“My business is more profitable thanks to petroleum,” Davis says.

Transparency isn’t the strong suit of Look Beyond. Whether it’s the product of an independent author, a PR firm, or an outgrowth of established greenwashing pro-gas efforts like Life:Powered from the hard-right Texas Public Policy Foundation, this isn’t apparent. An interview request submitted through the site’s contact form didn’t elicit a response before press deadline. The campaign’s mission shared in a bottom corner of the site lists the goal of sharing stories “that highlight the many amazing ways that oil & natural gas products make our greatest moments possible.” We can guess but aren’t explicitly told who funds this work until we locate and click through very small font at the bottom of the page, which reads simply:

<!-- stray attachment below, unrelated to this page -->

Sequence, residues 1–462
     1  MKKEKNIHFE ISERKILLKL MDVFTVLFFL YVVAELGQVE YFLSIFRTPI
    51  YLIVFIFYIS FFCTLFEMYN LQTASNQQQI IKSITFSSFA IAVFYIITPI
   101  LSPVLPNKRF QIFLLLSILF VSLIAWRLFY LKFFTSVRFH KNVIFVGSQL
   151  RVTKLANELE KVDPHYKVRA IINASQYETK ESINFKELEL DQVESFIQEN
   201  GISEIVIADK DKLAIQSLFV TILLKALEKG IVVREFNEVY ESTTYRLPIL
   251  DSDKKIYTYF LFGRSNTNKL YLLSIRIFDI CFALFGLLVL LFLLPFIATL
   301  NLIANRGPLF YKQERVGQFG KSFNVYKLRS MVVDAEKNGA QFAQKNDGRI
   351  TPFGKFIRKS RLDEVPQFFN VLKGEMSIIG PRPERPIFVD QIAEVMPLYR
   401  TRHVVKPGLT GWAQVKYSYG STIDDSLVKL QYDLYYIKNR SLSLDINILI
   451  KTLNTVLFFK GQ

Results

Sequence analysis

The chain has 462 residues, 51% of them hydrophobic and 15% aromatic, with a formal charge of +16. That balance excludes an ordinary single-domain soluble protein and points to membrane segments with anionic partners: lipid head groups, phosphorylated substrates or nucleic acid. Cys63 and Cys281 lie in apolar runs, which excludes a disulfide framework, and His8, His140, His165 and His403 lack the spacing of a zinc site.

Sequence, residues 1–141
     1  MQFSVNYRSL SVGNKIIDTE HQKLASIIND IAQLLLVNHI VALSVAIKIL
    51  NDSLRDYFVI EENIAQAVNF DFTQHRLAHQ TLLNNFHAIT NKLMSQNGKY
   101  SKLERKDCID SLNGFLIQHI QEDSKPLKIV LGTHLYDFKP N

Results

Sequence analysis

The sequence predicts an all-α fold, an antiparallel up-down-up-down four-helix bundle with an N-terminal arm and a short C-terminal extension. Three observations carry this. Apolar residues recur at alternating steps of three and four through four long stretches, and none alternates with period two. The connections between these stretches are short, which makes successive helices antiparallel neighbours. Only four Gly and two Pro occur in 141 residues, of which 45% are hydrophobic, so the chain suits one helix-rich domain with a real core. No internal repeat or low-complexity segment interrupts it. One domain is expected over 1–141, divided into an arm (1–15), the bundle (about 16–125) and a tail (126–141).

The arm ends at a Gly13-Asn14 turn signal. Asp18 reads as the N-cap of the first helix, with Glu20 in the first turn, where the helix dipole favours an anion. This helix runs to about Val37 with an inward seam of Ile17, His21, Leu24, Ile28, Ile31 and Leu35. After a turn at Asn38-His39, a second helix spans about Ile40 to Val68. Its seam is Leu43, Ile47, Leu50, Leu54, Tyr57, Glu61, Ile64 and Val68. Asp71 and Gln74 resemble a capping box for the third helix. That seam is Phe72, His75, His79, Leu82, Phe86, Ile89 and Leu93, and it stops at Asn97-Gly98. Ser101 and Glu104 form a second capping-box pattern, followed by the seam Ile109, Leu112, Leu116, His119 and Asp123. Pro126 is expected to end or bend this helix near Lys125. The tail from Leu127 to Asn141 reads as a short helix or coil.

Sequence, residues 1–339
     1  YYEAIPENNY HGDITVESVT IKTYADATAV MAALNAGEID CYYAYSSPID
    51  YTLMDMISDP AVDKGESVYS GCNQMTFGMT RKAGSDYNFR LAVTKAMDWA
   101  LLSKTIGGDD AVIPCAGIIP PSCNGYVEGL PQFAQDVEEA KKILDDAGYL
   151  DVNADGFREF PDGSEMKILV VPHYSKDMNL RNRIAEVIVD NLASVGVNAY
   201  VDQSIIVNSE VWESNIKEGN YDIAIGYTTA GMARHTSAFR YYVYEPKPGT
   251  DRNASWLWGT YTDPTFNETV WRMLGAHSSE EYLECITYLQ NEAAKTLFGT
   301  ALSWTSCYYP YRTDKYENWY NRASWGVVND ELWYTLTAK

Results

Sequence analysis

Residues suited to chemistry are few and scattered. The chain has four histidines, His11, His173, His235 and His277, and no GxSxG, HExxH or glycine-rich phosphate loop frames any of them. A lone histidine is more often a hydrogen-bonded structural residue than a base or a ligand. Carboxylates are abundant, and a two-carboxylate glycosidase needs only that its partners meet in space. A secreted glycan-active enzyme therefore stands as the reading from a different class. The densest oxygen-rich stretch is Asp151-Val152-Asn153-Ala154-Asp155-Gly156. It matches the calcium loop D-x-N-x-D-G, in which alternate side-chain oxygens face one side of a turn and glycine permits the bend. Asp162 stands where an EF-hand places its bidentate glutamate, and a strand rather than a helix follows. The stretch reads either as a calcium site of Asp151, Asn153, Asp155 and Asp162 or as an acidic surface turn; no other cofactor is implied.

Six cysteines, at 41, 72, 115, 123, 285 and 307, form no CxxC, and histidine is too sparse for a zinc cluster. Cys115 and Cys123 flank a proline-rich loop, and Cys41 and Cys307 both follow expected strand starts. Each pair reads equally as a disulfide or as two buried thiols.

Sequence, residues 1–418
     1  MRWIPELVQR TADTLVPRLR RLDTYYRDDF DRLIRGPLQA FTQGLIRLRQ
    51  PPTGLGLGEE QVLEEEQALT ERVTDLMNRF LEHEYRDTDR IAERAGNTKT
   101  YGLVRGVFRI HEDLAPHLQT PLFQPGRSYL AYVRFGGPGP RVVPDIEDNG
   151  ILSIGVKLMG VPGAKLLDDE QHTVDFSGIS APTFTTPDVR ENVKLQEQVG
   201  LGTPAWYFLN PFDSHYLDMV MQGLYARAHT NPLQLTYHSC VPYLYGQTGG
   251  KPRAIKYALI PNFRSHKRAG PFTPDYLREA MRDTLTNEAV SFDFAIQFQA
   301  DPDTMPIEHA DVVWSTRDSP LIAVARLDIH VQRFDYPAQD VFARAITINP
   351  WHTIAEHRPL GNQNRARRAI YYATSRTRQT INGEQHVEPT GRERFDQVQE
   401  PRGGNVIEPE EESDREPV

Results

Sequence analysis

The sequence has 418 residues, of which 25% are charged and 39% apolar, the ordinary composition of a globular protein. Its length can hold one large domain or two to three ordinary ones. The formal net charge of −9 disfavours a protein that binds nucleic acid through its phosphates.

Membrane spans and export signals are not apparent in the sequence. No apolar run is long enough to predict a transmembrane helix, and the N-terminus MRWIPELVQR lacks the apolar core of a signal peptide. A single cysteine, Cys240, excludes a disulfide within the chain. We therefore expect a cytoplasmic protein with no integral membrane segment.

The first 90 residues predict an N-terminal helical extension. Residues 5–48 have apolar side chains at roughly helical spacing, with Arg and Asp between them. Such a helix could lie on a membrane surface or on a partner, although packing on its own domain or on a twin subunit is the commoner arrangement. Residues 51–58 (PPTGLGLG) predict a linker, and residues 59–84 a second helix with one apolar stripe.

PARTNERSHIPS

Clicking here, we find the American Petroleum Institute, the oil and gas industry’s largest trade organization, and the South Texas Energy and Economic Roundtable (STEER), a coalition of most of the major oil and gas interests fracking the Eagle Ford Shale in South Texas, among others.

Gini Garcia, Garcia Art Glass. Image: Look Beyond

San Antonio Entrepreneur Series

Look Beyond’s “San Antonio Entrepreneur Series” highlights two local businesses whose owners were apparently either willing to either give the petroleum industry an unqualified endorsement (Chela’s Tacos) or have their gas-reliant work profiled with the understanding their story would to be used for that purpose (Southtown’s Garcia Art Glass).

Picking up on the theme of ubiquity is Gini Garcia: